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Agile is adaptive, not predictive. It’s one of the things that sets Agile apart—the very source of its name!—and one of the biggest culture shocks for organizations new to Agile. And nowhere is it more apparent than in the way Agile teams plan their work.
This chapter has the practices you need to effectively make and adapt your plans. Because adaptive planning can take time for organizations to accept, it also discusses how to make predictive plans with an Agile team.
The “Stories” practice helps your team plan its work in small, customer-centric pieces.
The “Adaptive Planning” practice balances adaptability with predictability to focus your team’s plans on value.
The “Visual Planning” practice creates plans that communicate context and options.
The “The Planning Game” practice creates a detailed plan for guiding your team’s next steps.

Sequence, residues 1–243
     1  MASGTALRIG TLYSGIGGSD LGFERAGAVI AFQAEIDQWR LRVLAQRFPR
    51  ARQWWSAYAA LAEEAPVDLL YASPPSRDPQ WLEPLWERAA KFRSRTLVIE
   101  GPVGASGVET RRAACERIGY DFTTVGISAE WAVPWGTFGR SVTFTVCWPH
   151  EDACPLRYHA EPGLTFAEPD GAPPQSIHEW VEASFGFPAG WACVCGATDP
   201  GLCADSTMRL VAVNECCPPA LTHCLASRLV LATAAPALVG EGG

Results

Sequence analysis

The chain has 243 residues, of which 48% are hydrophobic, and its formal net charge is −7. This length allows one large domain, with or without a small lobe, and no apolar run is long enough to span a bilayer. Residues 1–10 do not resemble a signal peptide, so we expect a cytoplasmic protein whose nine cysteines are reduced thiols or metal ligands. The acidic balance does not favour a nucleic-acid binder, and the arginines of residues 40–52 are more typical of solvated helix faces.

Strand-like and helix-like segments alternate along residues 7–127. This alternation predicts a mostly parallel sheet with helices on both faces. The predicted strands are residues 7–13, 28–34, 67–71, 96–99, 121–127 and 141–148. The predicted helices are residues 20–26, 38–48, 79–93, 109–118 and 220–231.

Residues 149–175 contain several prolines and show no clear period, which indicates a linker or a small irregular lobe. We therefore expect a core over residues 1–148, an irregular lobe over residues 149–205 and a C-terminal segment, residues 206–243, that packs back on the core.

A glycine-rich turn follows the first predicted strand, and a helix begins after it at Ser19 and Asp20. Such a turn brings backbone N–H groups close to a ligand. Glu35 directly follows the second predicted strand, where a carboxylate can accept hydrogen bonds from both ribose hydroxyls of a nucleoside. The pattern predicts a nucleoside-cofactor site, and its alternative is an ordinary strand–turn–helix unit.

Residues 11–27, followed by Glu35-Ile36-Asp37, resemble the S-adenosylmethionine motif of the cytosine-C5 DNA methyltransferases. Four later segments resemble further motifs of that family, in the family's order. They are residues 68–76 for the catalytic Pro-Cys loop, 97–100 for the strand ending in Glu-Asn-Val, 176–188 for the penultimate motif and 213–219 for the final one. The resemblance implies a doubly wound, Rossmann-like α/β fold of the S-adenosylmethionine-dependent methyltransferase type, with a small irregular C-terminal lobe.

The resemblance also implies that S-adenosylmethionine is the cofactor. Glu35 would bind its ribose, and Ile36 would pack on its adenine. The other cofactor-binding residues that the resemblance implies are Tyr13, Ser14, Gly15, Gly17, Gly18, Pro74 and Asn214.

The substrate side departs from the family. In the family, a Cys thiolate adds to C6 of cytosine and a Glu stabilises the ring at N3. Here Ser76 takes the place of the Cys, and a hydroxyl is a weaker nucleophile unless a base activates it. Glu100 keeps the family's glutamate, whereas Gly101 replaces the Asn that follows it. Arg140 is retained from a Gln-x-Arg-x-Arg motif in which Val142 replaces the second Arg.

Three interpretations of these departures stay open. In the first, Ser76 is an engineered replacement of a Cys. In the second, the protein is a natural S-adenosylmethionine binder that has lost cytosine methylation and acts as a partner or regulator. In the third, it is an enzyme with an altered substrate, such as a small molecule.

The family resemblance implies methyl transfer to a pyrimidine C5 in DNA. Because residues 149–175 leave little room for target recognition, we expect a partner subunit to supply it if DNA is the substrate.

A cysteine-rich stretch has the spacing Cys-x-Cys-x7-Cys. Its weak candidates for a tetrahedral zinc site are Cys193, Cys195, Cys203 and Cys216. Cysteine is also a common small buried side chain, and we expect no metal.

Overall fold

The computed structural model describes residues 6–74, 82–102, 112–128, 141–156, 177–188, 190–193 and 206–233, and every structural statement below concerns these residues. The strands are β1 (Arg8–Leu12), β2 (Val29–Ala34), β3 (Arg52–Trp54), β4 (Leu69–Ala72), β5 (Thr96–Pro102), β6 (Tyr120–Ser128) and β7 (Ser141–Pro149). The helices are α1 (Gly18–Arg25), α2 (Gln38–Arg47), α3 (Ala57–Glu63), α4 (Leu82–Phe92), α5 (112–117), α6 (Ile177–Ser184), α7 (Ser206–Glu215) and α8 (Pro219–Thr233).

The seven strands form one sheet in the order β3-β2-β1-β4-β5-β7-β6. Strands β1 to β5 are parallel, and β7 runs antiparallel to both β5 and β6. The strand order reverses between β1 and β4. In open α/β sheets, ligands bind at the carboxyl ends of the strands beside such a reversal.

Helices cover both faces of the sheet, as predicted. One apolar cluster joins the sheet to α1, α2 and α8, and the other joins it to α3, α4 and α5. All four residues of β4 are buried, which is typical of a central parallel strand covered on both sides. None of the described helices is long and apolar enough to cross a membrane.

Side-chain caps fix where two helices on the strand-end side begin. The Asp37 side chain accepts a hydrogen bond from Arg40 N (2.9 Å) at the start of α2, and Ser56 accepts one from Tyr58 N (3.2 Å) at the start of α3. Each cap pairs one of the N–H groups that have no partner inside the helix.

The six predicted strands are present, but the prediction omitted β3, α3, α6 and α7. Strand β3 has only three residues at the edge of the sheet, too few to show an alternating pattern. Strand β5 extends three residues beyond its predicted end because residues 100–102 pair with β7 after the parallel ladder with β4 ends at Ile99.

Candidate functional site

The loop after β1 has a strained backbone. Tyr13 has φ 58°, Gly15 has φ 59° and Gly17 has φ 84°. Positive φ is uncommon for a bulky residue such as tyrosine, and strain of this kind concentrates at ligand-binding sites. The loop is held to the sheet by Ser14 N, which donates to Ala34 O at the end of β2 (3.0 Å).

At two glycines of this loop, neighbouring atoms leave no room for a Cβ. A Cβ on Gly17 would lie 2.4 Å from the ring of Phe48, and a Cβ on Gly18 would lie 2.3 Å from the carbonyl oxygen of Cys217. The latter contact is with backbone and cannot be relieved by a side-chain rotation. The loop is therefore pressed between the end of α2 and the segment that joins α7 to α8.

The “Real Customer Involvement” practice allows your team to include customers’ perspectives in their plans.
The “Incremental Requirements” practice determines requirements details just before they’re needed.
Agile has always been adaptive. The subtitle of the first Extreme Programming book was “Embrace Change.” [Beck2000a] The preface of the first Scrum book emphasized reducing risk by making adjustments as early as possible.
Adaptability is so central to Agile, it’s hard to pin down specific sources. Adaptive Planning is an amalgamation of ideas I’ve seen and used over the years, although Software by Numbers [Denne2004] was a major influence. Incremental Requirements and Real Customer Involvement are similarly hard to pin down, although I swiped the name of the latter practice from the second edition of XP [Beck2004].
Visual Planning stems from the real-world practices of many Agile teams. Jeff Patton’s story maps and Gojko Adzic’s impact maps are direct influences, and I’ve included both of them.
Stories is one of the best-known Agile practices. It originated in XP under the name “User Stories,” which was simplified to just “Stories” in XP’s second edition. The Planning Game also comes from XP.